- "Profile of General Population and Housing Characteristics: 2010 Demographic Profile Data (DP-1): Titusville city, Florida". U.S. Census Bureau, American Factfinder. Retrieved January 30, 2012.
- "American FactFinder". United States Census Bureau. Retrieved 2008-01-31.
- "US Board on Geographic Names". United States Geological Survey. 2007-10-25. Retrieved 2008-01-31.
- "Find a County". National Association of Counties. Retrieved 2011-06-07.
- Louie-Garcia, Allison (April 5, 2010). "Shuttle fleet's home counts down to an uncertain future". Yahoo! News. Retrieved 25 April 2010.
- "The City of Titusville, Florida - About Titusville". Titusville.com. Retrieved 2012-12-18.
- Peterson, Patrick (February 3, 2013). "Shuttered store ends an era". Florida Today (Melbourne, Florida). pp. 1A.
- Gunnerson, Scott (February 4, 2013). "Titusville faces third post office closing". Florida Today (Melbourne, Florida). pp. 1B.
- "US Gazetteer files: 2010, 2000, and 1990". United States Census Bureau. 2011-02-12. Retrieved 2011-04-23.
- "Geographic Identifiers: 2010 Demographic Profile Data (G001): Titusville city, Florida". U.S. Census Bureau, American Factfinder. Retrieved January 30, 2012.
- Berman, Dave (20 December 2010). "Working through tough times". Melbourne, Florida: Florida Today. pp. 7A.
- Government City of Titusville - Official Site. Retrieved on 29-09-2009.
- Dean, James (April 26, 2008). More taxes or fewer services. Florida Today.
- Knapp, Andrew (16 October 2010). "Crime rate decreases 5.5%". Melbourne, Florida: Florida Today. pp. 1B.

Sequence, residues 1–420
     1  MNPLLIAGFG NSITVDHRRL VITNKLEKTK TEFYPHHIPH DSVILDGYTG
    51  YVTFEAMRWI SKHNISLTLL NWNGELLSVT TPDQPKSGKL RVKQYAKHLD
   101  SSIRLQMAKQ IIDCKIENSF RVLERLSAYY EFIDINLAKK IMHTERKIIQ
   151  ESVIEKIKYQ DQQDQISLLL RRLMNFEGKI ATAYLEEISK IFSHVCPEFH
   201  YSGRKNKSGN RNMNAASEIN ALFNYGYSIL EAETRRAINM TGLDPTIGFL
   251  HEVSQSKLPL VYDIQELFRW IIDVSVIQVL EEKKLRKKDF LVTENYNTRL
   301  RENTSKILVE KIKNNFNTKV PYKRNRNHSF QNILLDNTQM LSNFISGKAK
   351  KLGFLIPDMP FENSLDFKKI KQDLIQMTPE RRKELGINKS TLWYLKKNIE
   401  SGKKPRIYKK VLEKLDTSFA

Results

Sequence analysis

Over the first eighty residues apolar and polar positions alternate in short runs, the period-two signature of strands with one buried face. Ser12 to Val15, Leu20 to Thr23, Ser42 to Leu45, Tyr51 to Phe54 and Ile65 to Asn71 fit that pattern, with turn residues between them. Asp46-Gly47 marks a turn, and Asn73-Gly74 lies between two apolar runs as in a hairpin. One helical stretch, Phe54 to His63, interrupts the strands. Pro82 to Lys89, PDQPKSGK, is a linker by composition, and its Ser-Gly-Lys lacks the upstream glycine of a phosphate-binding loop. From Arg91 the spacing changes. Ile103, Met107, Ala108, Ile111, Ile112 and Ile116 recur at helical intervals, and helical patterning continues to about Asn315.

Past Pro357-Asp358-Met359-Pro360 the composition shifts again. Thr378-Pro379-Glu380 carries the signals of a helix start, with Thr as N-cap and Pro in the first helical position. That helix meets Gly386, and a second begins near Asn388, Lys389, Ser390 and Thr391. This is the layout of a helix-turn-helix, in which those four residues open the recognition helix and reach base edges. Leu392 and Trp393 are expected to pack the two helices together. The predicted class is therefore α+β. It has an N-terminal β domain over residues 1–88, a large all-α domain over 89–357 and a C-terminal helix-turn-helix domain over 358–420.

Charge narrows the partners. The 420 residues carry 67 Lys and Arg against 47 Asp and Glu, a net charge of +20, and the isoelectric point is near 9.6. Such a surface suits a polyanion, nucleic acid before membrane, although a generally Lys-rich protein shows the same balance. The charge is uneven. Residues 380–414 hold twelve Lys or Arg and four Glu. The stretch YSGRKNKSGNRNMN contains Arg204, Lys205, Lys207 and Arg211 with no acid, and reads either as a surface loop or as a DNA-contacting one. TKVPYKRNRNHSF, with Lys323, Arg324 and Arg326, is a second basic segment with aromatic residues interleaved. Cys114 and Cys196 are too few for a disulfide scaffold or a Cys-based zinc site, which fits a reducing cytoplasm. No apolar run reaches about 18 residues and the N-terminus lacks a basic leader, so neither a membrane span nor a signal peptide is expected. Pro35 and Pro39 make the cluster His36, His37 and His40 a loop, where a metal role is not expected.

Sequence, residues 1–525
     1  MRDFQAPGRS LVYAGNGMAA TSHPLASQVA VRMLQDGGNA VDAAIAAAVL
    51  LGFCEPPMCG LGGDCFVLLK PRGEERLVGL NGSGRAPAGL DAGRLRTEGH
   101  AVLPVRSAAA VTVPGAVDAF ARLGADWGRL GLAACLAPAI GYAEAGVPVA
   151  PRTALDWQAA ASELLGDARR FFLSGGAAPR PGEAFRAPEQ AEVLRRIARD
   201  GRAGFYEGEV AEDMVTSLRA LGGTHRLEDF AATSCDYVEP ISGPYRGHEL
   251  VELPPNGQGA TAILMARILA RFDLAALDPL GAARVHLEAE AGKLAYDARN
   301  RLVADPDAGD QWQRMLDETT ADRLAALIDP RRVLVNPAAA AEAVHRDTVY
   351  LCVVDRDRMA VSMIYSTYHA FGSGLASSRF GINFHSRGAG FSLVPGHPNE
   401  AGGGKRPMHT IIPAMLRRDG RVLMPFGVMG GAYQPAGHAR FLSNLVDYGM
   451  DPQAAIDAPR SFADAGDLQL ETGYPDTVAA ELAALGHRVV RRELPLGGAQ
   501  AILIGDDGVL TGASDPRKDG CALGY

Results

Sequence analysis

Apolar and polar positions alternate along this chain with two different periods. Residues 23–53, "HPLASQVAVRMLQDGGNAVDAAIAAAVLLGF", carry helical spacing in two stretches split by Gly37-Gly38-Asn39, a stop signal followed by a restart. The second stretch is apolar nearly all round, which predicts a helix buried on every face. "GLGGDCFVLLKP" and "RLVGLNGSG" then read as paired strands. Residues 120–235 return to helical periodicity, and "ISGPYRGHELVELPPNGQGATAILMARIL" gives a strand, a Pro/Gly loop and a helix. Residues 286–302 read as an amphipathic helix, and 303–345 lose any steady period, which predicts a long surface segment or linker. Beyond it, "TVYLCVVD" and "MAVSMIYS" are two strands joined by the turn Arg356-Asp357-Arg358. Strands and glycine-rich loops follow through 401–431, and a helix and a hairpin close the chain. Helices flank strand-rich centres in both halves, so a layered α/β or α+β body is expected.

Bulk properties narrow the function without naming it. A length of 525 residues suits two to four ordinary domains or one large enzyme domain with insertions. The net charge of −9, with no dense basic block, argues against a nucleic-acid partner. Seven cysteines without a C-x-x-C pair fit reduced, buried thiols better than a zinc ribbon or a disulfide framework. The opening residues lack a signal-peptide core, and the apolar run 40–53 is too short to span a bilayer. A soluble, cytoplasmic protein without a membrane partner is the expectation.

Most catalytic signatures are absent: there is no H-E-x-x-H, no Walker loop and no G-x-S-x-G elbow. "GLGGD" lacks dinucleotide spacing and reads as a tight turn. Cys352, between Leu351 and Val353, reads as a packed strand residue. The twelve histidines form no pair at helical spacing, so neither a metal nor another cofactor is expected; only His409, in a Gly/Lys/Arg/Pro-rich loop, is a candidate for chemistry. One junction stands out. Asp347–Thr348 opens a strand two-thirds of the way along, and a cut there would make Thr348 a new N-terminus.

- Walker, Don (November 11, 2011). "Cities pensions among the best, bottom". Florida Today (Melbourne, Florida). pp. 4B.
- City Council City of Titusville - Official Site. Retrieved on 29-09-2009.
- Titusville Community Data Sheet Economic Development Council of Florida's Space Coast. Retrieved on 2009-06-29.
-  retrieved August 24, 2008[dead link]
- Hume, Jerry. "Lamp manufacturer hires former NASA workers". Bay News 9. Retrieved 15 April 2014.
- Best, Keilani (6 March 2010). "Festivals boost economy". Melbourne, Florida: Florida Today. pp. 7C.
- Kennerly, Britt (5 March 2011). "Revenue hopes ride on bikers' business". Florida Today (Melbourne, Florida). pp. 1A.
- "Florida / Tropical Wonderland". Bigfloridacountry.com. Retrieved 2012-12-18.
- Kennerly, Britt (19 December 2010). "Proud Space City asks, "What's next?"". Melbourne, Florida: Florida Today. pp. 1A.
- Building Permits United States Census Bureau. Retrieved on 2009-06-29.
-  retrieved June 24, 2008
- Berman, Dave (13 January 2011). "Utility deposits based on credit". Melbourne, Florida: Florida Today. pp. 4B.
- Statement of Dunn's inclusion within actual city limits
- "History/Facts". Parrish Medical Center. Retrieved 25 April 2010.
- Berman, Dave (18 May 2010). "'N.Y. Times': Liked launch, not venues". Melbourne, Florida: Florida Today. pp. 1A.
- John Kiesewetter (November 24, 2002). "Collinsworth gets great reception". The Cincinnati Enquirer.
- "Bill DeMott". Online World of Wrestling. Archived from the original on 21 February 2009. Retrieved 2009-03-05.
- Online World of Wrestling. "Jim Duggan - Wrestler Profile".
- Baseball Almanac. "Jeff Fulchino Baseball Stats".
- "Laoretti's no pipe dream". Golf Digest.
- "College Football Hall of Fame - Wilber Marshall". National Football Foundation.
- Online World of Wrestling. "Mike Barton - Wrestler Profile".
- Hal Boedeker (July 9, 2009). "Titusville's Daniel Tosh makes his mark with 'Tosh.0'". The Orlando Sentinel.
- National Football Leage. "Aaron Walker, TE at NFL.com".
- Ron Masters (Aug 14, 2010). "The Abandoned Tropical Wonderland Theme Park of Johnny Weissmuller". Yahoo! Voices.
|Wikimedia Commons has media related to Titusville, Florida.|
- Official website
- The Florida Star, former African-American Titusville newspaper online in the Florida Digital Newspaper Library
- Guide to Attractions and Activities in the Titusville area
- Synopsis of Col. Henry Titus at the Historical Society of North Brevard, Inc.
- History of Titusville
- Titusville (Florida) travel guide from Wikivoyage